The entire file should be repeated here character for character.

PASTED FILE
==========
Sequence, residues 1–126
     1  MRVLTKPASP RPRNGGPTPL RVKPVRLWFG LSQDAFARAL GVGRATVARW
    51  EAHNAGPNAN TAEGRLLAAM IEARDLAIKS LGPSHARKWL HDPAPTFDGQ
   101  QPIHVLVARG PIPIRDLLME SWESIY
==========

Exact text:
Sequence, residues 1–126
     1  MRVLTKPASP RPRNGGPTPL RVKPVRLWFG LSQDAFARAL GVGRATVARW
    51  EAHNAGPNAN TAEGRLLAAM IEARDLAIKS LGPSHARKWL HDPAPTFDGQ
   101  QPIHVLVARG PIPIRDLLME SWESIY